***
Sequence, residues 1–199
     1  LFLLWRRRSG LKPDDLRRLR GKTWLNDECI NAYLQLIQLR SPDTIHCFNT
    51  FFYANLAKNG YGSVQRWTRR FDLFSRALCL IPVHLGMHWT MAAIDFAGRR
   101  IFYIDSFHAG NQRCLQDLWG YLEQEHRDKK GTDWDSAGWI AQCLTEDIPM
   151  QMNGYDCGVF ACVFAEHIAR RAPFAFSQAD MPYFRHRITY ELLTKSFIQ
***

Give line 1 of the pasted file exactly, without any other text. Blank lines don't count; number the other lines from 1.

Sequence, residues 1–199